I did some benchmarking to compare the cards before and after the mod's.
                                                   GTX 680 #1   GTX 680 #2   K5000  #1   K5000 #2
3DMARK 11                                      9022                   8987           9077           9016
Passmark 8 (3D Graphics Mark)     6044                   6091           6025          5996
PCMark Vantage (Gaming)             19336                 18956         18880        16177
PhysX                                         10158-166 fps   10003-165 fps    10176-167 fps   10123-166 fps
SPECviewperf 11
   Catia-03                                       6.05                       5.98               5.9             10.20
   Ensight-04                                  32.20                     32.23              32.20         32.27
   Lightwave-01                             13.23                      12.84            13.14           13.22
   Maya-03                                     12.77                     12.73             12.86           12.85
   Proe-05                                       0.96                      1.00                  1.00           0.99
   Sw-02                                         11.09                    11.37                11.36         12.78
   Tcvis-02                                        1.01                      1.17               1.02             1.02   
   Snx-01                                         3.42                      3.37                 3.40            3.42
As you can see all the scores between stock and modded cards are about the same. The problem is with the SPECviewperf 11 scores. This is  the benchmark for Graphic and CAD programs. This is what the Quadro cards were made  for. The scores for the modded K5000 should be MUCH higher. Take a look here.
http://www.xbitlabs.com/articles/graphics/display/nvidia-quadro-k5000_4.html

It looks to me that just because the computer thinks it’s a Quadro K5000 does not mean that it will act like a K5000.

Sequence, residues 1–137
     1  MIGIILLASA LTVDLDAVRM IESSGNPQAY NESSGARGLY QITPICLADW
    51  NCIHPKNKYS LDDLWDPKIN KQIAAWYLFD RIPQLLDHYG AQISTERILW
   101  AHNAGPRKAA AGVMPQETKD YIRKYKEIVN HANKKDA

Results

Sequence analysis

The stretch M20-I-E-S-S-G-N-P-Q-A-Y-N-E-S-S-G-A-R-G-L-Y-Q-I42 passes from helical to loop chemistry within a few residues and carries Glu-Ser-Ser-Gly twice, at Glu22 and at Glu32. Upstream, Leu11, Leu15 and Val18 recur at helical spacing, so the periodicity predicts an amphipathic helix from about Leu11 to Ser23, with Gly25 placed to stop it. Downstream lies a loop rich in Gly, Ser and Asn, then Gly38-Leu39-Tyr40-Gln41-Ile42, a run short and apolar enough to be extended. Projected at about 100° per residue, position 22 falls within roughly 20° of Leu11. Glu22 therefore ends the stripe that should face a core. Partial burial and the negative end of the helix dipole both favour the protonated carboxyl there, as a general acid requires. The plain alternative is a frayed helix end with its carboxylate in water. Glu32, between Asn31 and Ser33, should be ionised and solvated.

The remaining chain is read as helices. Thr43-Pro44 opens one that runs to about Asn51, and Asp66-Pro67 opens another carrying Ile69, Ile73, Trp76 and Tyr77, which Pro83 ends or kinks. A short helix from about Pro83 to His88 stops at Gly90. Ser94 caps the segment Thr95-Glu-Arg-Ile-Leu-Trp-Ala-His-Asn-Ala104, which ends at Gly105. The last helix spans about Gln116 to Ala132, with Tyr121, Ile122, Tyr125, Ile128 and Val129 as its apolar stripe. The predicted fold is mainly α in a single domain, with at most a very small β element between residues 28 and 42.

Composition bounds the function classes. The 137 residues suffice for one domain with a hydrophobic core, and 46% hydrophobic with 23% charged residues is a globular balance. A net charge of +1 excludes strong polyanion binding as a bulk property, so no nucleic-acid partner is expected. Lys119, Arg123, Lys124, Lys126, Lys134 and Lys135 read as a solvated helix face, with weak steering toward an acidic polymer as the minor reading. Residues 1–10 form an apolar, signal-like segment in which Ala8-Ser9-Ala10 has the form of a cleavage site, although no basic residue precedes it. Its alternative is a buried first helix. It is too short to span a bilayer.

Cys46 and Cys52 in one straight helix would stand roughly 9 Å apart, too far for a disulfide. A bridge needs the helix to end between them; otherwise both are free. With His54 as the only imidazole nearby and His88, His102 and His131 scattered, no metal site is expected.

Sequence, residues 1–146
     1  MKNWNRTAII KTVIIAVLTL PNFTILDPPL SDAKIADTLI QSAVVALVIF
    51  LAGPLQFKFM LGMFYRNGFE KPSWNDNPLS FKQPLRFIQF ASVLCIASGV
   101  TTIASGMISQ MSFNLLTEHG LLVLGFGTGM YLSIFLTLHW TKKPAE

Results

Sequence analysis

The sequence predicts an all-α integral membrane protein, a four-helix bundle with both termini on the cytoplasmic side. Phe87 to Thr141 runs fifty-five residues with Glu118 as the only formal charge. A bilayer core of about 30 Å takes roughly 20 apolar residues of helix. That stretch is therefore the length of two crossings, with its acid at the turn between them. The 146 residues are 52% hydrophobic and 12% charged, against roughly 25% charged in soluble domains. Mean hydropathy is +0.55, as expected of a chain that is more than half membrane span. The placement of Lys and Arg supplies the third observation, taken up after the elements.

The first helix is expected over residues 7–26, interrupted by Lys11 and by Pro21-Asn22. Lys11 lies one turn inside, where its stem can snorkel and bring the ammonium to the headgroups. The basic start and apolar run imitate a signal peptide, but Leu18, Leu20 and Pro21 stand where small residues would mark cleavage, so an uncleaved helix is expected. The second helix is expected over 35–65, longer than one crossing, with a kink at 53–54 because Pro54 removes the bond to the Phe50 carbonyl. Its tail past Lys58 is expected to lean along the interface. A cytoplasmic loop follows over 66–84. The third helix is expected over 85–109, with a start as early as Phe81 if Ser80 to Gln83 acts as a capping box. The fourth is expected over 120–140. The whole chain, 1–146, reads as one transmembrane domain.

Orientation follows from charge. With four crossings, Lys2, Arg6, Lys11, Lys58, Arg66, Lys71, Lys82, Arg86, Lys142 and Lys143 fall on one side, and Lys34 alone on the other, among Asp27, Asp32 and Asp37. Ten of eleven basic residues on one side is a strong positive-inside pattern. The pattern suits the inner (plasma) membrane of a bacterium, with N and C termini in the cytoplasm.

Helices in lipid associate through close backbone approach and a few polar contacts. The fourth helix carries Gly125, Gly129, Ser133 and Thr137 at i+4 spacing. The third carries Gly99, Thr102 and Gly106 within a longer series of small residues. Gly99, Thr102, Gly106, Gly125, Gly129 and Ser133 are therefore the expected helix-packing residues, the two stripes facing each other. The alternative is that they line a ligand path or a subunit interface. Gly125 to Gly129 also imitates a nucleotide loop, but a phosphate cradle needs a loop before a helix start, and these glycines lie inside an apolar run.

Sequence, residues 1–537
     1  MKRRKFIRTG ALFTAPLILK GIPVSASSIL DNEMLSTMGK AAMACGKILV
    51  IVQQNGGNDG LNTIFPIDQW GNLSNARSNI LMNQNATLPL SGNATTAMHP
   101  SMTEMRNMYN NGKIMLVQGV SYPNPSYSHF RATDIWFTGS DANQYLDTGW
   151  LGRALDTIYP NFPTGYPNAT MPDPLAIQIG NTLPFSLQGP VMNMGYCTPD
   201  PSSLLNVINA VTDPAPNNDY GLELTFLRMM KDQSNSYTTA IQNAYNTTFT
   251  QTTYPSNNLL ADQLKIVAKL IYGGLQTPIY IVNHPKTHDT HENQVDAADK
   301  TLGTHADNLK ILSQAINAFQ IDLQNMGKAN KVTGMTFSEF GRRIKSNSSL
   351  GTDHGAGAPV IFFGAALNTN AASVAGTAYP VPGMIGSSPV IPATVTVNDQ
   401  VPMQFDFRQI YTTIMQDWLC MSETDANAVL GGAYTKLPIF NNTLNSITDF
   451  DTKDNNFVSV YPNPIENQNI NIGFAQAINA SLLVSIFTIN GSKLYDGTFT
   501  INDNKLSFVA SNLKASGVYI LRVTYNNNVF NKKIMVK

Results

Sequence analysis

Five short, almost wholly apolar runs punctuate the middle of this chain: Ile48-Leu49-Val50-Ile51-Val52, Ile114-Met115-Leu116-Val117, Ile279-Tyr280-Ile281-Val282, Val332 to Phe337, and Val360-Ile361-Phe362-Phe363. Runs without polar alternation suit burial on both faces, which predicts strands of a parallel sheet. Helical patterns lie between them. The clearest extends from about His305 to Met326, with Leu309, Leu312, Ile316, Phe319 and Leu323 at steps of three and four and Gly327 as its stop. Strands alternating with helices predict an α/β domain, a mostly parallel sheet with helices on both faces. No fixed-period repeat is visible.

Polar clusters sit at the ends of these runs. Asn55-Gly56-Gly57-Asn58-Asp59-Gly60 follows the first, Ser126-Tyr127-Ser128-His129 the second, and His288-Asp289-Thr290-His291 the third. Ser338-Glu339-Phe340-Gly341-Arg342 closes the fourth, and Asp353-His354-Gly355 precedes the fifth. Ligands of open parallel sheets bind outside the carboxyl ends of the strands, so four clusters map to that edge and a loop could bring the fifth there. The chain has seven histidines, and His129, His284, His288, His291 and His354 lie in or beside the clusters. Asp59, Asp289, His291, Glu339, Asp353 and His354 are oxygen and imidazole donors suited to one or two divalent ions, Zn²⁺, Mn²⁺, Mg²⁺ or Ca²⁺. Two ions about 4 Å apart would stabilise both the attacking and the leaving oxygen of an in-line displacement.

I even tried this benchmark with the Quadro drivers and got the same results. Hopefully It's just a driver issue and not a hardware issue.
 

Offline Neo_Moucha

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Re: Hacking NVidia Cards into their Professional Counterparts
« Reply #217 on: March 31, 2013, 08:39:31 am »
did you try vga bios mod with nvflash?
 

Offline natiss88

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Re: Hacking NVidia Cards into their Professional Counterparts
« Reply #218 on: March 31, 2013, 09:10:44 am »

I ran the latest Nvidia 314.22 drivers and Quadro 311.35. It seems the 314.22 drivers are a little bite better so I'm using those.
I did some benchmarking to compare the cards before and after the mod


please, can you benchmark the cards with quadro drivers?

p.s. happy easter to everyone.
« Last Edit: March 31, 2013, 10:13:54 am by natiss88 »
 

Offline victorngcm

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Re: Hacking NVidia Cards into their Professional Counterparts
« Reply #219 on: March 31, 2013, 09:34:23 am »


It looks to me that just because the computer thinks it’s a Quadro K5000 does not mean that it will act like a K5000.
I even tried this benchmark with the Quadro drivers and got the same results. Hopefully It's just a driver issue and not a hardware issue.
[/quote]

Thanks for your test!
I would like to make some suggestion as well...there is some another drivers which can be found in nvidia's homepage....like 191.66 Quadro win 7....would you mind try them as well?